Heartland: Stuntwomen: The Untold Hollywood Story
One of the most severely overlooked and underappreciated jobs in the film industry is that of the stuntperson. People risk life and limb and beat themselves bloody for their craft to entertain us and to keep less trained talent safe. Many suffer lasting or permanent injury from their work, and they generally make pennies for the high-risk, high-demand work they’re asked to do. There is painfully little high-profile awards recognition for stunts like there are for actors, writers, directors, and even the people who don’t do anything besides sign the checks.
It would stand to reason, then, that stuntwomen would make particularly measly money and are even more underappreciated, even among the stunt performing community and broader film industry. Culturally, we’re a long way off from professional and civil equity across genders, and stunt performing follows suit.
New documentary Stuntwomen: The Untold Hollywood Story, from director April Wright, aims to pay some long overdue respect to these badass, woefully neglected women by giving them voices to talk about their work, their place in the industry, and their storied history. Even if it’s sometimes a little rough on presentation and occasionally meandering, it’s a more than welcome addition to the slowly growing catalog of mainstream media designed to educate us about the unsung heroes in various areas of our society.
Guiding us through eye-opening conversations with stunt performers, stunt coordinators, producers, and directors are 4 “hosts,” of a sort: renowned stuntwomen Amy Johnston and Alyma Dorsey, actress Michelle Rodriguez, and film historian Ben Mankiewicz. They talk with countless greats of the community, including Jeannie Epper (known for doubling Lynda Carter in Wonder Woman) and Jadie David (longtime double for Pam Grier).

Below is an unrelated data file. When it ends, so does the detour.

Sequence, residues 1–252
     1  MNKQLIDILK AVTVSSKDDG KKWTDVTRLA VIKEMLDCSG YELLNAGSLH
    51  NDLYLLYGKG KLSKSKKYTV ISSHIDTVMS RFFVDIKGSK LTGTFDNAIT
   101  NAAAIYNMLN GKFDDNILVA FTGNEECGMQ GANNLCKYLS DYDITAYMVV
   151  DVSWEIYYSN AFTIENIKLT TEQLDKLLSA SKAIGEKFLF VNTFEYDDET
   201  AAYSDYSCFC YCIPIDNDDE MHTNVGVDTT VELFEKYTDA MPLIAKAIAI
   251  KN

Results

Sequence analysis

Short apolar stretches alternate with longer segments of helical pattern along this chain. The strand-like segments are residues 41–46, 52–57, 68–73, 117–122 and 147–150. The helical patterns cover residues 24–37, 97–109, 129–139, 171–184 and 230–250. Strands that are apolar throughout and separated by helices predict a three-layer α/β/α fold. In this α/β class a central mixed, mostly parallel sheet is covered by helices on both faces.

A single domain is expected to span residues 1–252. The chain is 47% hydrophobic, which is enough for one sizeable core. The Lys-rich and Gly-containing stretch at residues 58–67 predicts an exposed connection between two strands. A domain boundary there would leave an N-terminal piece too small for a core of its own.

Plenty of impressive, shocking, and tragic insights and anecdotes are shared, and I’d imagine it impossible to walk away from Stuntwomen without a greater appreciation for these people. It’s undeniably interesting and important stuff, and I ate it all up. Unfortunately, patchy editing and needlessly interwoven narratives can make it a bit hard to follow along. There were multiple points that required me to back up five or ten minutes to see if I missed some context–no, the film just started in on a new story with no sign of transition from the last one. It can sometimes lessen the impact of critical moments in the film’s narrative, and dampen the triumph of these women as a result.
Another issue is how Stuntwomen chooses to prioritize its speakers. Naming the four aforementioned hosts was surprisingly difficult, as only Mankiewicz (a man, and not a stuntperson) and Rodriguez (also not a stuntperson) are named early on in the film. I had to abandon my re-watch of the film nearly 20 minutes in because Johnston and Dorsey had yet to be identified–I opted to manually scour the film’s IMDb crew listing and match off of faces to the film. In fact, the opening few minutes consist of Rodriguez and Mankiewicz essentially man-/actor-splaining the importance and history of stuntwomen to actual, working stuntwomen. You can practically see, “Uh, yeah, I’m aware,” on some of the ladies’ faces at various points in the film. We also hear from producer Al Ruddy, director Paul Feig, and stuntman Ross Sharphorn before Johnston or Dorsey ever speak. It’s just a strange way to introduce your key speakers.
Fortunately, the longer the film goes, the more we’re able to get uninterrupted insights directly from the source, although the discombobulated narrative still sometimes gets in the way. But regardless, this Untold Hollywood Story needed to be told, and this film certainly has told it with appropriate detail and passion. I would encourage anyone to watch it, purely to shed some ignorance about the achievements of one of the critical cogs of the film industry, and to continue to expose inequality in all of its forms.
To boot, it’s one of many very deserving selections featured in Indianapolis’ own Heartland International Film Festival, which is going on right now virtually. You can, and should, check out Stuntwomen: The Untold Story online or on Friday, October 16 at 7:15pm, at Tibbs’ Drive-In.
This year’s Heartland Film Festival will be a combination of drive-in and virtual screenings. For a complete schedule and to buy tickets, click here.